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Kemper hopes to expand nonstandard auto biz footprint with $1.4B Infinity deal

Kemper Corp. wants to become a leader in the nonstandard auto insurance business with a $1.4 billion deal to acquire Infinity Property & Casualty Corp.

The company plans to acquire Infinity in a cash-and-stock transaction valued on a per-share basis of $129. Infinity shareholders will receive $51.60 in cash and 1.2019 Kemper common shares for each Infinity share held.

By tapping into Infinity's largely urban and Hispanic customer base, Kemper executives expect that growth in the company's nonstandard auto franchise will continue to gain traction.

"With this transaction, we believe one plus one is more than two," President and CEO Joseph Lacher Jr. said during a conference call with analysts.

Kemper's nonstandard personal auto business reported that premiums were up $47.2 million year over year in the fourth quarter of 2017, driving the company's total revenues for the period to $697.3 million. Infinity meanwhile saw its total gross written premiums jump 3.5% to $340.6 million in the fourth quarter of 2017 from $329.1 million in the prior-year period.

The potential transaction would make Kemper the 14th-largest personal auto writer, based on 2016 net return premiums, Lacher said. The company does not expect any notable regulatory hurdles to get the Infinity acquisition approved, and anticipates that it will close in the third quarter.

Kemper expects to see annual pretax cost savings of about $55 million within two years of the deal, as well as $5 million to $10 million in pretax earnings stemming from repositioning Infinity's investment portfolio.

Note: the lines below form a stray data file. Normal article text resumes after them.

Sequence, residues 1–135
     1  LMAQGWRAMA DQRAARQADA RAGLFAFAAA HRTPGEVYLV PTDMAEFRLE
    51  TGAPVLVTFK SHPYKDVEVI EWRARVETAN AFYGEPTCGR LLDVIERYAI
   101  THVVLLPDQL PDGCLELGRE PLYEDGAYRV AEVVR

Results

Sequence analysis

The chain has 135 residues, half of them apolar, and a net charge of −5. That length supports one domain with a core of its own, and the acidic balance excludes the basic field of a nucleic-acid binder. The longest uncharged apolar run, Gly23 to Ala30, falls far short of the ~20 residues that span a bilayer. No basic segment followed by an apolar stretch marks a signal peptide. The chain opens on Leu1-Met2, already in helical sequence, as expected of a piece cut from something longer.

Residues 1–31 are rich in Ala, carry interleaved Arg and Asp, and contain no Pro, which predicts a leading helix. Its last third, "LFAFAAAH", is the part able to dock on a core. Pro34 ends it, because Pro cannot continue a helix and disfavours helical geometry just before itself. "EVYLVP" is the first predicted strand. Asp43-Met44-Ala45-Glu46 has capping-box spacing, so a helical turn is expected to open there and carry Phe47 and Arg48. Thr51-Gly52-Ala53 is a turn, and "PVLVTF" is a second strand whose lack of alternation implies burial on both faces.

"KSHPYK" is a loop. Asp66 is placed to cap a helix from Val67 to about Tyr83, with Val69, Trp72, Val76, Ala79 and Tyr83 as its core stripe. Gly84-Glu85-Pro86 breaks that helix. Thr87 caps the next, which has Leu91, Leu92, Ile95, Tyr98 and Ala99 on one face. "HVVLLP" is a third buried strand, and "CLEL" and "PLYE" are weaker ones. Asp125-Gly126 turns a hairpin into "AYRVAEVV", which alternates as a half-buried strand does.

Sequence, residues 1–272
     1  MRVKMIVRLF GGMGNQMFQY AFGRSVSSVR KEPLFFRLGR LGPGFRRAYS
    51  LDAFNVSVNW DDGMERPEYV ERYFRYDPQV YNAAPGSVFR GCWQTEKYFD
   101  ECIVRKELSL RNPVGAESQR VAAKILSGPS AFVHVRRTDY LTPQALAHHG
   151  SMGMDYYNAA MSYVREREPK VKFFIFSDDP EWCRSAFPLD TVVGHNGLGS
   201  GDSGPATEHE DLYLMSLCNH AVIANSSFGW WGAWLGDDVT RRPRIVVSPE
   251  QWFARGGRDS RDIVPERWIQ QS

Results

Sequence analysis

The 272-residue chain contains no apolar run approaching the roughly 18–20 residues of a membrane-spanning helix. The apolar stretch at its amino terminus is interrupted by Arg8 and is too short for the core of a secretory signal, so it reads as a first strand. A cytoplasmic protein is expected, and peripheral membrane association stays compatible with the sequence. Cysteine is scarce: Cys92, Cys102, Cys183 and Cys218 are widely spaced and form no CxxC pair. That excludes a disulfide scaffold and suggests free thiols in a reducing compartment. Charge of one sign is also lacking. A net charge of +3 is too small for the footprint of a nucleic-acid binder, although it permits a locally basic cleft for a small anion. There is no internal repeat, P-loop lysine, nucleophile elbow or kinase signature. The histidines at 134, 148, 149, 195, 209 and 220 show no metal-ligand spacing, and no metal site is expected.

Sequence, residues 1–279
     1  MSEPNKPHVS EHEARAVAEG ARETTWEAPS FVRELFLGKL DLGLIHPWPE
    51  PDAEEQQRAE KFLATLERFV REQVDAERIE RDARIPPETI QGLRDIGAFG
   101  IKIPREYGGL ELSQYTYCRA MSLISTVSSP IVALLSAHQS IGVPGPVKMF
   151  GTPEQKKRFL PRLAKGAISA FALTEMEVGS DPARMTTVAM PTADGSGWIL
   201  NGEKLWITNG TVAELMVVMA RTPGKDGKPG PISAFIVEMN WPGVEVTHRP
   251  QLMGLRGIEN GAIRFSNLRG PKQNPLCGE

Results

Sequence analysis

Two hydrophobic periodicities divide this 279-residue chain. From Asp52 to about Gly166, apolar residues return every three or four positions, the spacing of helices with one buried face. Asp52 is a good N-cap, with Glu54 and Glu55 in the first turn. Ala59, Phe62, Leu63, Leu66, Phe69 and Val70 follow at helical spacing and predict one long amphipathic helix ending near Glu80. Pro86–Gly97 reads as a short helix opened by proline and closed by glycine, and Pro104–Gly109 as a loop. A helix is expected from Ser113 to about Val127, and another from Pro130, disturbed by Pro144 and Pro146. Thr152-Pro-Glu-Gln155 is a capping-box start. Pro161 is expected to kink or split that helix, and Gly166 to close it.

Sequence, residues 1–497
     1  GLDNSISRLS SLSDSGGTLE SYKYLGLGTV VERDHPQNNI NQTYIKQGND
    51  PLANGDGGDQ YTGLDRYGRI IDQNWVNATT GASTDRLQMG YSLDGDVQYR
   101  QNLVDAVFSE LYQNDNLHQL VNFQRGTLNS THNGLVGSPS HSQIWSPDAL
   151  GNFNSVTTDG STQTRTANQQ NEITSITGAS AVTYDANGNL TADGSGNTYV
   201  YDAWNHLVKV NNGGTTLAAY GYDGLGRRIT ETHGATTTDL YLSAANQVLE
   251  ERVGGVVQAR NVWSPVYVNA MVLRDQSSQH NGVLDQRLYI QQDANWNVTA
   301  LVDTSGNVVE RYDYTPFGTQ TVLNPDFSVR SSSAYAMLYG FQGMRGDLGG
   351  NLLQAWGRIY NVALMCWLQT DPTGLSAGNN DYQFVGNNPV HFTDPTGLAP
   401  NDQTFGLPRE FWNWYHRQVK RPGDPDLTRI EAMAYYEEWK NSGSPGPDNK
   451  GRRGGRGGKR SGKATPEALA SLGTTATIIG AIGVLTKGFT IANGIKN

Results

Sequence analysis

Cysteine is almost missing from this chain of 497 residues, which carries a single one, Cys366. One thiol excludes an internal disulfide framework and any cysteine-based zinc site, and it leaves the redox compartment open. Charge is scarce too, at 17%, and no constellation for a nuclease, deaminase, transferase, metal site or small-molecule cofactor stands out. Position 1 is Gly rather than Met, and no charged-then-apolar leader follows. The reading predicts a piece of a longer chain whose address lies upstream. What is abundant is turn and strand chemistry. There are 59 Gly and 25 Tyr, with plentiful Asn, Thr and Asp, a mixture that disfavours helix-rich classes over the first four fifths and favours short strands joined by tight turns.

The potential acquisition is not Kemper's first attempt to venture into nonstandard auto insurance, as the company acquired Alliance United Group LLC in 2015. The California-based business ended up reporting "significant losses" for some time following the deal's completion, but Kemper's current management team has been able to turn the business around with higher prices, better underwriting and improved claims management, Sandler O'Neill analyst Paul Newsome wrote in a research report.

Kemper's executives on the call also said they believe that adding Infinity into its operations will increase customer retention, improve its data and analytical capabilities and increase its claim efficiencies and effectiveness. Part of the draw to Infinity was the company's customer service strategy to the Hispanic community, said Lacher, who pointed to Infinity's use of bilingual contracts and servicing capabilities. Kemper plans to continue to approach Infinity's client base the same way the company currently does once the deal closes, he said.

"Their thoughtfulness of how to really understand the customer and their needs and their wants, and built their entire process around that, is really exceptional," he added.